That looks pretty cool and sort of exotic. I wonder if anyone has tried marble dust or marble chips for a rosette in much the same application...

I've thought about that too. But I think once you grind marble up into a powder it is just going to look like sand and be white. Sand after all is just so much pulverized granite (marble). Also marble is HARD as in getting close to diamond. Would be a bitch to sand out... I did have another idea though; How about coral? It comes in some cool dark red colors and is soft enough to grind into a powder. Plus it would be so Hawaiian.

hub
10-31-2016, 08:43 PM
But coral won't be vegan anymore ;)

Dan Gleibitz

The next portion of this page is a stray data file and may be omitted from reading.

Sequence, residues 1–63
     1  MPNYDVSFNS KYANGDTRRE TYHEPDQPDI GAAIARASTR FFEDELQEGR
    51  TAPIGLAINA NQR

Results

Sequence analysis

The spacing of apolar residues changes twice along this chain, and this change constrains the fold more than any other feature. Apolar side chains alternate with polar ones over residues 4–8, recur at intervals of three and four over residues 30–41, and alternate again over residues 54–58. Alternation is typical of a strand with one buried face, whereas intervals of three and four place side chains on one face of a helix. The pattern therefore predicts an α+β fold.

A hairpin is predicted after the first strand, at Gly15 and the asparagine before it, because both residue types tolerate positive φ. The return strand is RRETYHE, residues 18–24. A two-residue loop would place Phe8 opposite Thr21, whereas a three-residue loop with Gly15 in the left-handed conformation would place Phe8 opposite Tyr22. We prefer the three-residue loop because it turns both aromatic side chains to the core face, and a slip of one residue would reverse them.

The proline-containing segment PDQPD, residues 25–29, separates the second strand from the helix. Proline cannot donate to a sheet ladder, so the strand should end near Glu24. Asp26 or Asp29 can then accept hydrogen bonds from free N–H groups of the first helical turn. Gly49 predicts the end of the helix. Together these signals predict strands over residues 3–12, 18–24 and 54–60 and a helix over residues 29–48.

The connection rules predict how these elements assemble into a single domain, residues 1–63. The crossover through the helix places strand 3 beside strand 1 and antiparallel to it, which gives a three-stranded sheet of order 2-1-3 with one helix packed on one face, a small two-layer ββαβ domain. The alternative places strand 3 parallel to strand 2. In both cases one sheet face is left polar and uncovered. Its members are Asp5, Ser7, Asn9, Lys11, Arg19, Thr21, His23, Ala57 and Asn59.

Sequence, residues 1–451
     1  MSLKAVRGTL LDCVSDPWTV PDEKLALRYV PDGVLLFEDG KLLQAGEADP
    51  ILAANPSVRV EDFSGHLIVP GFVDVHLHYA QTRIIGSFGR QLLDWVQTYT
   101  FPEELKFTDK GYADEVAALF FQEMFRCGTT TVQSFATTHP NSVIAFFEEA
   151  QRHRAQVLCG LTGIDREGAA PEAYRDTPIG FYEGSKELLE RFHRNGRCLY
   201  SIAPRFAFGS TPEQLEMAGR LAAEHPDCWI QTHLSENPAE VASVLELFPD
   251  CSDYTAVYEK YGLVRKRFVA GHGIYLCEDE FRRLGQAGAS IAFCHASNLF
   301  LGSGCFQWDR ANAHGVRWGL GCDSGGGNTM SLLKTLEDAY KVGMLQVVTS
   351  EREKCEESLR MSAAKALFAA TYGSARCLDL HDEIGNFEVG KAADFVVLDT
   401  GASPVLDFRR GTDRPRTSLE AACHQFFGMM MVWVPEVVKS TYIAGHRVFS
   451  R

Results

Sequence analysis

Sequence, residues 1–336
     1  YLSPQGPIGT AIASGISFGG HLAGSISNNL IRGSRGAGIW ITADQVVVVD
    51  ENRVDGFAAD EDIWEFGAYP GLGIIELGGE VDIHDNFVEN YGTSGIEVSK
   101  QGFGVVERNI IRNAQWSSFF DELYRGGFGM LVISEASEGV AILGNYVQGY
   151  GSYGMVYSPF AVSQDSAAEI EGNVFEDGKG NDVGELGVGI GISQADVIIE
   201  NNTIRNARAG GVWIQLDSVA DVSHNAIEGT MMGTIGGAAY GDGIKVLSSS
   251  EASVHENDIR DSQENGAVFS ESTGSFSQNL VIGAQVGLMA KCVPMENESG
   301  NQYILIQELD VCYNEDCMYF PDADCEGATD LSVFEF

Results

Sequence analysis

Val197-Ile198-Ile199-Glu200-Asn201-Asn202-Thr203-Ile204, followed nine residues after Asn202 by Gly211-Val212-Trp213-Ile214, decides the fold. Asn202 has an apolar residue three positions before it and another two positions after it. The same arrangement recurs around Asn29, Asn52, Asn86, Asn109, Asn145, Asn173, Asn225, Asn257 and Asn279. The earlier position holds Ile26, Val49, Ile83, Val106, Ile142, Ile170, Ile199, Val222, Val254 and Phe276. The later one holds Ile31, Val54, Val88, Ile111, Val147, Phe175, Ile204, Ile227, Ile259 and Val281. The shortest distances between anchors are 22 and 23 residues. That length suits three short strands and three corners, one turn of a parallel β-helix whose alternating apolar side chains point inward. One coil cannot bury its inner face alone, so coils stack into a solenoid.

10-31-2016, 08:59 PM
Very pretty.

Grain size makes a huge difference to sanding time. I did this the other night with quartz, granite and stalagmite then sanded it by hand:

http://I.imgur.com/AFehYhp.jpg

cml
11-01-2016, 07:35 AM
Seqouia I think it looks great and removes the issue of getting ab or the like perfectly cut.

Dan, where's your new ukulele post? Looks great from your photos in your signature!

UkulelesRcooL
11-15-2016, 11:47 AM
I did have another idea though; How about coral? It comes in some cool dark red colors and is soft enough to grind into a powder. Plus it would be so Hawaiian.


That sounds like it would definitely be worth exploring.. I wonder what it would look like in different sized rings.. maybe graduated from big to smaller..or the other way... The turquoise is awesome by the way.. Ive always liked those colors.. I saw Hana lima do something with those colors to a cheap kit uke that really made it sizzle..
I think they did it on the purfling.. It might have been corian.. not sure..